iii) Thirdly, that the judge ought to have exercised his discretion to allow the action to proceed as a representative action.

The appeal raised important issues that were not decided by the Court of Appeal in Vidal-Hall v. Google Inc [2015] EWCA Civ 311 (“Vidal-Hall”). Although Vidal-Hall was argued on the basis of analogous underlying facts, there was one crucial difference. In that case, the individual claimants claimed damages for distress as a result of Google’s breaches of the DPA. In this case, Mr Lloyd claims a uniform amount by way of damages on behalf of each person without seeking to prove any distinctive facts affecting any of them, save that they did not consent to the abstraction of their data.

The court relied on the decision in the phone hacking case of Gulati v. MGN Limited [2015] EWCA Civ 1291 (CA) (“Gulati”) to decide that, if damages are available without proof of pecuniary loss or distress for the tort of misuse of private information, they should also be available for a non-trivial infringement of the DPA, as both claims are derived from the same fundamental right to data protection contained in article 8 of the Charter of Fundamental Rights of the European Union 2012/C 326/02 (the “Charter”): “[e]veryone has the right to the protection of personal data concerning him or her”.

The Court of Appeal rejected Google’s main argument that both article 23.1 of the Directive and section 13(1) of the DPA require proof of causation and consequential damage. The words in section 13 “[an] individual who suffers damage by reason of [a breach] is entitled to compensation” justify such an interpretation, when read in the context of the Directive and of article 8 of the European Convention on Human Rights and article 8 of the Charter, and having regard to the decision in Gulati. Only by construing the legislation in that way could individuals be provided with an effective remedy for the infringement of such rights.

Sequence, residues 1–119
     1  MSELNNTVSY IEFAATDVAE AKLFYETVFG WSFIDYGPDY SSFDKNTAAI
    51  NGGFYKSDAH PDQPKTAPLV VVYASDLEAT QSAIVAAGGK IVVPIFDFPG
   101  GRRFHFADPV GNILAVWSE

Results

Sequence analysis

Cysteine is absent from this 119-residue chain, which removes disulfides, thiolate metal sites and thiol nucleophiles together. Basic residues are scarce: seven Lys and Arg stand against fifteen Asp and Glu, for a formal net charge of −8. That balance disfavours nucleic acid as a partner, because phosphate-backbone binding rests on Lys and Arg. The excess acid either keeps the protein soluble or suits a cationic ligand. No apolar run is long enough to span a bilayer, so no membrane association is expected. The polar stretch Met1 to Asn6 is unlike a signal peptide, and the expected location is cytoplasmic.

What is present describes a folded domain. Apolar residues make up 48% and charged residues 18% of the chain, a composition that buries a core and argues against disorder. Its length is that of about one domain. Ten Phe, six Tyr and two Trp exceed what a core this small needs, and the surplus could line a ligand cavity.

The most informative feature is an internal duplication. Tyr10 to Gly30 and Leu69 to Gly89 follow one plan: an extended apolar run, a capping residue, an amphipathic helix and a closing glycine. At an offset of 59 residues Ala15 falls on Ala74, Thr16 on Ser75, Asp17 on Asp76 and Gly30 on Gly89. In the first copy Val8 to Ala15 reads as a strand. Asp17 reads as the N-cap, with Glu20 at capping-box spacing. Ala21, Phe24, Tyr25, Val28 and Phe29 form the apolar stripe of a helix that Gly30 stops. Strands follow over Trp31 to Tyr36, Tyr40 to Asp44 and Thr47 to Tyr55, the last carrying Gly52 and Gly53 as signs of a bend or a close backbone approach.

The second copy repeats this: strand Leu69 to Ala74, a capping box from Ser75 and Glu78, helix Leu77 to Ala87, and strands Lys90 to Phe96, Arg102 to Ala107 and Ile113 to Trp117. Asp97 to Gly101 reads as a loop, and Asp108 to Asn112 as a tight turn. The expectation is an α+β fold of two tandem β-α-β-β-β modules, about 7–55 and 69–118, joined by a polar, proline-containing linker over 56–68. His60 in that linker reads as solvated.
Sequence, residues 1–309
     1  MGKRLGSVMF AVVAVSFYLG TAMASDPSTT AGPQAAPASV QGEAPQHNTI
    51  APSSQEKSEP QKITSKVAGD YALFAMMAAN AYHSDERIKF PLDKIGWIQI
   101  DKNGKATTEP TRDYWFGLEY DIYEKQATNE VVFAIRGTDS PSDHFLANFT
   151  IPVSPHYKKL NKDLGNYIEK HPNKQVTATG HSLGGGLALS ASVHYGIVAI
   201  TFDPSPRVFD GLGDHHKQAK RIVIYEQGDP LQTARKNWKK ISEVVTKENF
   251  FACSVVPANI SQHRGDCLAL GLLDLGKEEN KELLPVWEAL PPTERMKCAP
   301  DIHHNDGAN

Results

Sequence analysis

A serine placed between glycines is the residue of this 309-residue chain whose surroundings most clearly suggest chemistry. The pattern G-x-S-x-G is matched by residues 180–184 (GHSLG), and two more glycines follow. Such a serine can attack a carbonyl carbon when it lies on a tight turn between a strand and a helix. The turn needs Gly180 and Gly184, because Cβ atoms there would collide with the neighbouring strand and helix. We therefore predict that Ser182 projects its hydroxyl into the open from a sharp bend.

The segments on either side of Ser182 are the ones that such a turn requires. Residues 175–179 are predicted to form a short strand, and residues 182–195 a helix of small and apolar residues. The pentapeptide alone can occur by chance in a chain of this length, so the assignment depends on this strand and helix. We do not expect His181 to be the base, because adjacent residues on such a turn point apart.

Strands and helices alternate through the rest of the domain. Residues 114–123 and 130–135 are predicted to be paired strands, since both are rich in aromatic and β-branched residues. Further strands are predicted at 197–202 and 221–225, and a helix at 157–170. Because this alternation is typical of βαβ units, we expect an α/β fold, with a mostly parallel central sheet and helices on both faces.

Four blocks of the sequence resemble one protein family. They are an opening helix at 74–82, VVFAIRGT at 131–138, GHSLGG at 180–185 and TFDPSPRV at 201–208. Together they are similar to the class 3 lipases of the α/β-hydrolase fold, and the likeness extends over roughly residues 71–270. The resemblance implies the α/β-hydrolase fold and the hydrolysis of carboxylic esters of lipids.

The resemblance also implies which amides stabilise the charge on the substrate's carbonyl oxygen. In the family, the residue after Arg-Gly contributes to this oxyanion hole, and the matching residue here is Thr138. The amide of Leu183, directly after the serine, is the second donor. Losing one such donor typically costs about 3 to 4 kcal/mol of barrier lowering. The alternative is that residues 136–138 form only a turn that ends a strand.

The claim was an unusual use of the representative procedure, but the Court held that it was permissible on the authorities. The claimants that Mr Lloyd seeks to represent will all have had their BGI – something of value – taken by Google without their consent in the same circumstances during the same period, and were not seeking to rely on any personal circumstances affecting any individual claimant (whether distress or volume of data abstracted). The represented class were all victims of the same alleged wrong, and had all sustained the same loss, namely loss of control over their BGI. Mr Lloyd’s concession that he would not rely on any facts affecting any individual represented claimant had the effect of reducing the damages that could be claimed to the lowest common denominator. But it did not mean that the represented claimants did not have the same interest in the claim. It was impossible to imagine that Google could raise any defence to one represented claimant that did not apply to all others.

Written by kerryunderwood

October 15, 2019 at 8:47 am

Posted in Uncategorized